Instead, the court adopted the untenable position that, as a general matter, recording police officers engaged in their public duties is not protected by the First Amendment.
Yet any attempted distinction between clear acts of expression (such as displaying photographs) and their antecedents (taking the photos in the first place) is artificial for First Amendment purposes. In U.S. v. Stevens (2010), the Supreme Court struck down a law prohibiting not only the sale and manufacture, but also the creation of films depicting animal cruelty, on the basis that the First Amendment protects both the creation and dissemination of such videos. UCLA law professor Eugene Volokh succinctly illustrates why a distinction between expression and antecedent acts is meaningless:
Your being able to spend money to express your views is protected even when you don't say anything while writing the check (since your plan is to use the funds to support speech that takes place later).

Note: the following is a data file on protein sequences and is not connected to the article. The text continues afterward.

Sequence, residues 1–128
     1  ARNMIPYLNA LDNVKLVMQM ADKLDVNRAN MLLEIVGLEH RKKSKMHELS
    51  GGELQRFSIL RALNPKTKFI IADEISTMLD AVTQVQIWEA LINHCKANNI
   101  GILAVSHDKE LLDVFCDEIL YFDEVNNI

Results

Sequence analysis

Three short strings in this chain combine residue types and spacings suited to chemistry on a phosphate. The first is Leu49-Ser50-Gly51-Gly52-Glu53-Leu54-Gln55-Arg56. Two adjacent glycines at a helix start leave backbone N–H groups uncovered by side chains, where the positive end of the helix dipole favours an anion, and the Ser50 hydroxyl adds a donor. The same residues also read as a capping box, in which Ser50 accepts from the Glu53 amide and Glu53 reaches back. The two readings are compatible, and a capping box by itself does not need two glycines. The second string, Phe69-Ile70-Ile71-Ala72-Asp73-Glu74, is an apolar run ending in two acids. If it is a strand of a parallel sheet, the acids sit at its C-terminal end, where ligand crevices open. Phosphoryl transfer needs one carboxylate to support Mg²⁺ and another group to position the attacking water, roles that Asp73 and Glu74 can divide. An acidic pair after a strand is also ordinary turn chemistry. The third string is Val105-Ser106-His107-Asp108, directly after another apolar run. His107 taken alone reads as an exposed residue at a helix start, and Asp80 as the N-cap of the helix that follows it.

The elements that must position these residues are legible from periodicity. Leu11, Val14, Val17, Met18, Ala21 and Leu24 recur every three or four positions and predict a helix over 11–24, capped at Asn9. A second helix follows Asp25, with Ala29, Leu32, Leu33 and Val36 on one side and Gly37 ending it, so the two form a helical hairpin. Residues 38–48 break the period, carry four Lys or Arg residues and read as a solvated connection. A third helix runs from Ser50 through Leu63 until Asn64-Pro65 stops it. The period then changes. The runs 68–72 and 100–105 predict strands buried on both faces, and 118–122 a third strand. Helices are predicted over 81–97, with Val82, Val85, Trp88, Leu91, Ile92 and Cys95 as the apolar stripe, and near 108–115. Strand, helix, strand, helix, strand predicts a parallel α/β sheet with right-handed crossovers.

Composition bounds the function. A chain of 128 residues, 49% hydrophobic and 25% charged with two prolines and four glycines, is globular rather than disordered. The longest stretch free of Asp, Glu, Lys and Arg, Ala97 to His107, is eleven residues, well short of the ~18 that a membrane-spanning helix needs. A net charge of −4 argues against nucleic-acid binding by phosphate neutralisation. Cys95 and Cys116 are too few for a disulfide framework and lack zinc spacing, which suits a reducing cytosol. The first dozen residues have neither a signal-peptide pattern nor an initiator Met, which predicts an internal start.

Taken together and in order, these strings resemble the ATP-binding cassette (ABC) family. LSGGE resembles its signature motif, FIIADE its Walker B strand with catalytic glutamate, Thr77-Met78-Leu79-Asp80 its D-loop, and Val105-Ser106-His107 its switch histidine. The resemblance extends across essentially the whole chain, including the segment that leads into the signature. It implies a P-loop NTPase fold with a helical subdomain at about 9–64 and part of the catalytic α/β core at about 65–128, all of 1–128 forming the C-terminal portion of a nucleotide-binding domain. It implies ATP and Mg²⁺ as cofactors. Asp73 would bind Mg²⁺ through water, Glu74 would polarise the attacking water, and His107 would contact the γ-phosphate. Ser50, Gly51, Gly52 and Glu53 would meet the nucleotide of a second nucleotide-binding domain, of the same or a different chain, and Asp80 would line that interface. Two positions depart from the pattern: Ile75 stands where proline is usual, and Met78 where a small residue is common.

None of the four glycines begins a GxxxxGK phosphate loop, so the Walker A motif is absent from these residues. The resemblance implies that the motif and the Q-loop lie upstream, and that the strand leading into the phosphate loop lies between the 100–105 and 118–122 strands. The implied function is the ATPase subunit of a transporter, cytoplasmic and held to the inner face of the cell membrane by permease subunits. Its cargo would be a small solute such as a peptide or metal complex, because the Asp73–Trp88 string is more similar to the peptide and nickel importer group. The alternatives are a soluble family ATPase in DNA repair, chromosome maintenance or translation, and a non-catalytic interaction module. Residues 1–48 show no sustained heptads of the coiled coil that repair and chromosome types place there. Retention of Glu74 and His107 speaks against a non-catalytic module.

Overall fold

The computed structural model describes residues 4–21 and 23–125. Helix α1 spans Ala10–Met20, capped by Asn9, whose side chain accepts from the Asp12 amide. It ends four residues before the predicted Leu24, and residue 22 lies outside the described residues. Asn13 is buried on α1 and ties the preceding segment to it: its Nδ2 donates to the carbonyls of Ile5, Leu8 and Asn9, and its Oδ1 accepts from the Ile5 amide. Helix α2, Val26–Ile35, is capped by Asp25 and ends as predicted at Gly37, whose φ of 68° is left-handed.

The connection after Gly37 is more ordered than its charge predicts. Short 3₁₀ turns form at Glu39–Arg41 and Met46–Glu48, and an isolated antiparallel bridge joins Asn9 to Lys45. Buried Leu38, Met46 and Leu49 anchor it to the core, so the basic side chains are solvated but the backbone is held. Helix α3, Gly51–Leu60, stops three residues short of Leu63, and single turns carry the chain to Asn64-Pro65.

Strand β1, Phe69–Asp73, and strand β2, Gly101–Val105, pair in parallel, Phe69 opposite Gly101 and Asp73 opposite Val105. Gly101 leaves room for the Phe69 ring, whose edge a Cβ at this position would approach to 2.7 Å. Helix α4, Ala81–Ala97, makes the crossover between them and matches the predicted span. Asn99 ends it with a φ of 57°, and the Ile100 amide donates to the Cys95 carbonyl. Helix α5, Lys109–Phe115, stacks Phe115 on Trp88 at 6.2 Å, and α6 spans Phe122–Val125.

Even the Fields court acknowledged the findings of other courts that "photographing or observing official conduct...is a necessary step in the process of expressing a right to criticize or challenge government behavior." Allowing the suppression of such "a necessary step" inevitably limits subsequent expression. How can an artist or community resident display photos that she was prevented from ever taking?
Even if recording police activity were not inherently expressive, it would remain necessary to ensure transparency and police accountability. By denying constitutional protection to observers of police who take care to avoid interfering with officers' activities while recording, the Fields decision undermines community oversight. As described by the Cato Institute's Adam Bates:
The ability of individuals to record police in public without fear of reprisal is an essential mechanism for injecting transparency where it is sorely lacking, for holding the government accountable for misconduct, and in many cases for protecting good police officers from misattributed blame. (emphasis added)